Horses occupy a unique niche in the world of ‘companion’ animals and veterinary medicine; a niche that within the past several decades is beginning to expand, and with this expansion, new therapies are being developed for equine diseases.
Like dog, cats and people, horses can develop many different types of cancer. The uncontrolled growth of abnormal cells (cancer) can invade healthy tissue to form local tumors or can spread through the blood or lymph system to all regions of the body. Cancer cells can also release chemicals that can cause further issues such as weight loss, depression, anorexia, fever and anemia.
Types of Equine Cancer
Melanoma is one type of cancer seen in horses. The incidence of equine melanomas, more frequently noted in gray horses, has been reported to reach as high as 80% in older animals. Notoriously difficult to treat, melanomas have benign and malignant variants. Melanomas can be locally invasive and metastatic and can vary from superficial dermal lesions to obstructive gastrointestinal lesions causing weight loss, constipation, and colic to neurologic involvement resulting in lameness and lack of muscle control. Their variable presentation and therapeutic resistance stems from multiple molecular mutations that result in the formation of abnormal proteins. These mutations, which occur in melanoma at considerably higher rates compared to other malignancies, disrupt the normal function of the melanocytes. In fact, the continuing evolution of individual tumors within individual patients make melanoma a constantly moving and diverging target.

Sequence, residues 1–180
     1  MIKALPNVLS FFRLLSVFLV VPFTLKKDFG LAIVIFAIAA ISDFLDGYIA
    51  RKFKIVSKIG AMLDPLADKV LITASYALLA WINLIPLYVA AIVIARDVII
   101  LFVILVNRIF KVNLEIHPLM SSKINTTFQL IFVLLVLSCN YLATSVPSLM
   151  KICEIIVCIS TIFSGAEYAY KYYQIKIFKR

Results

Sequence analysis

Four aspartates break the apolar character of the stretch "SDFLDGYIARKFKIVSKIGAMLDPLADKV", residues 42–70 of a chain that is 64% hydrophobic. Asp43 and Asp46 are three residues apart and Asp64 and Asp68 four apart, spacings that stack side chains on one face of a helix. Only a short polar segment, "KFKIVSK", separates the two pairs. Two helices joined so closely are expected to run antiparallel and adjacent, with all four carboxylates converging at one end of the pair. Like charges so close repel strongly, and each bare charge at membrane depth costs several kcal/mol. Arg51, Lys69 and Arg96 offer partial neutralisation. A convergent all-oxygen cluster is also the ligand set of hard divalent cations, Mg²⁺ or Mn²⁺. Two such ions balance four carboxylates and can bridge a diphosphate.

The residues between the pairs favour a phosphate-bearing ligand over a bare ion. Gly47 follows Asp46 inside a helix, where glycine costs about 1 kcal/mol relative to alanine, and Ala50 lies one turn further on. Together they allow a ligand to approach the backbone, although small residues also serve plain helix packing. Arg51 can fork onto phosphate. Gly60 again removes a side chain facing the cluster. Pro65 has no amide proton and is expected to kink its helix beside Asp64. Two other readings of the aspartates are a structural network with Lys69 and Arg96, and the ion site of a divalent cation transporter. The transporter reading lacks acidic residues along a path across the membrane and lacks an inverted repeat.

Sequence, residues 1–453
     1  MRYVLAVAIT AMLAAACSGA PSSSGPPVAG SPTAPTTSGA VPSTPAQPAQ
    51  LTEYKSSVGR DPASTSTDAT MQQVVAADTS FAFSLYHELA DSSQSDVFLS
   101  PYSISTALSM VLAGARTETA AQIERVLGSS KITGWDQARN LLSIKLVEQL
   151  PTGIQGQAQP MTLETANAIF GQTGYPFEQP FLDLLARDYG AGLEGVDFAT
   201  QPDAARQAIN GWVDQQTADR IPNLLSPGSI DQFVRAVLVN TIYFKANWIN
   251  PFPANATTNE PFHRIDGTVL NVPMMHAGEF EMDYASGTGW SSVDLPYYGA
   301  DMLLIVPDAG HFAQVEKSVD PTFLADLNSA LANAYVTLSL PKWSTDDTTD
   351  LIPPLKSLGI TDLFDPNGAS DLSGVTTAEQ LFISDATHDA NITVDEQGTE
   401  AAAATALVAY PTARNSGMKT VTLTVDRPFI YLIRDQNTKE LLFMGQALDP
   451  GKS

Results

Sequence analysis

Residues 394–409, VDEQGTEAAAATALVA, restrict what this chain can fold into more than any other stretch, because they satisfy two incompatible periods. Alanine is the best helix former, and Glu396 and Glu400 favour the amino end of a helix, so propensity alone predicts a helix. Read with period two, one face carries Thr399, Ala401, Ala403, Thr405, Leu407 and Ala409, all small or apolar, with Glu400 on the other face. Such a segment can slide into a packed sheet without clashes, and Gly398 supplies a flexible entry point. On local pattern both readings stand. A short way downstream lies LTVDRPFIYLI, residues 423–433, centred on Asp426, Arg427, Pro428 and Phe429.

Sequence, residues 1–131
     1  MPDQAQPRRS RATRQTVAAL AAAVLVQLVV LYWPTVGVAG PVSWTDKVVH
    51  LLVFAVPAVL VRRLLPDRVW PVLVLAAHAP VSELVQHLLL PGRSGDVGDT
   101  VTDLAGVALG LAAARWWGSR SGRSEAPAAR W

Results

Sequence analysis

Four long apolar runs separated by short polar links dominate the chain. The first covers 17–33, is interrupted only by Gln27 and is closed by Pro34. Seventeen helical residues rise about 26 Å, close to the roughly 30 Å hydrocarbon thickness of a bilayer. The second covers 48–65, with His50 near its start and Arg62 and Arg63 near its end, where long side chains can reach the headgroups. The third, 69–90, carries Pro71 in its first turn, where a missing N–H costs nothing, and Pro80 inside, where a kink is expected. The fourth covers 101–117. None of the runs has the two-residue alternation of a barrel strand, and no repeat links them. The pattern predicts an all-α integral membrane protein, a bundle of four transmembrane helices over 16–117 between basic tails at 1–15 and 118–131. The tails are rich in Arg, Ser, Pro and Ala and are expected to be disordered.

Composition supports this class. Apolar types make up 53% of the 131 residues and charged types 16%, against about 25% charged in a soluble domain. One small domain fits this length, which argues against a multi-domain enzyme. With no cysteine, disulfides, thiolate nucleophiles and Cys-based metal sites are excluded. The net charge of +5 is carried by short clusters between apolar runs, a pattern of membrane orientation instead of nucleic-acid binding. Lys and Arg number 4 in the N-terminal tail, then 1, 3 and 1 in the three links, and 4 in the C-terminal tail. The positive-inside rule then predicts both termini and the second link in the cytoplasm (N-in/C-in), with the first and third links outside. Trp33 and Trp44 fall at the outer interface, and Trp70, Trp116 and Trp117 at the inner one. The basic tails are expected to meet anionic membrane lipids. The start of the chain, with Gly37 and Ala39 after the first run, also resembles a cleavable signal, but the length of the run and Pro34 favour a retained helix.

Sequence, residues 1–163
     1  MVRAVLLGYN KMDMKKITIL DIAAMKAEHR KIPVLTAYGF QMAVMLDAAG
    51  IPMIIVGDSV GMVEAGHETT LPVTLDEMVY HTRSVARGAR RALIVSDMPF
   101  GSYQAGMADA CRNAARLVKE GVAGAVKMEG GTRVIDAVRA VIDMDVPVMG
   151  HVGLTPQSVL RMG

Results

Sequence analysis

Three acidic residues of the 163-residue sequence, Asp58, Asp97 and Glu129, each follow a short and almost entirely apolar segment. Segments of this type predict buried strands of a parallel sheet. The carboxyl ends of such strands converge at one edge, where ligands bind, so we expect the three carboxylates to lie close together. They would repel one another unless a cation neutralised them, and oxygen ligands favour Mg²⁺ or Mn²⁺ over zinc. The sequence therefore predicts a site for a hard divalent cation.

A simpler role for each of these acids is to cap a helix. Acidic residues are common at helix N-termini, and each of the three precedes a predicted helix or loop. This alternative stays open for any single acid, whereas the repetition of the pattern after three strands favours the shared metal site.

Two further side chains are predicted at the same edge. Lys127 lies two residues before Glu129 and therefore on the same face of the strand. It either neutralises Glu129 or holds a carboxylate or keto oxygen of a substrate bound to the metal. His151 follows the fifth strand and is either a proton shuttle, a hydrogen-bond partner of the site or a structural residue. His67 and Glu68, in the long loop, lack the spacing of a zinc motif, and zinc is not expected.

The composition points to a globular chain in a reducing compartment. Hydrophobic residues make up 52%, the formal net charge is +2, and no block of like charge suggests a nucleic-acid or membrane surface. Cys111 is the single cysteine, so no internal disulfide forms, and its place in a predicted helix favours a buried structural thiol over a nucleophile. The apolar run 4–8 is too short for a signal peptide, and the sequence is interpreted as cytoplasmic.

Squamous Cell Carcinoma
Squamous cell carcinoma is a readily detected type of skin cancer, usually appearing around the anus, genitalia and around the eyes. Squamous cell carcinoma is highly invasive and will continue to grow and spread to nearby tissues if left untreated. This disease can be lethal, however, if detected early, surgical removal can be curative.
Lymphoma may be more difficult to detect than squamous cell carcinoma but can be just a deadly. Lymphoma is a disease of lymph tissue and is spread through the lymphatic system. Lymphoma may start in one lymph node and spread diffusely through organs such as the intestines and skin. Diagnosis is often made from clinical signs such as weight loss, tumor masses, edema diarrhea or blood changes.
Of the other common types of cancer in horses, sarcoids is one of the most common and perhaps the most unpredictable. Sarcoids may not spread in the same way as some of the other equine cancers mentioned, but the uncontrolled proliferation of the cancer cells is very difficult to treat and can become disabling if not caught early enough for surgical removal to be a viable option. Horses also develop breast, ovarian, prostate and testicular cancers.
Treatment of Equine Cancer
Employing special vigilance may be necessary to detect cancer in horses, and being on the lookout for any change in your horse’s routine, demeanor or unexplained changes such as lumps, bumps or sores that don’t heal can pay off for you and your horse.
The changing nature, constant evolution and number of accumulating abnormalities is the most challenging aspects of treating any cancer; making them moving targets for most therapies. However, the many accumulated mutations and resulting mutated proteins make melanoma an ideal target for IFx-VET. The powerful priming mechanism of IFx-VET ensures that all abnormal proteins associated with the tumor are presented to the cells of the immune system, thus focusing the immune response on multiple patient-specific mutated proteins and reducing the chance a tumor cell can escape immune detection.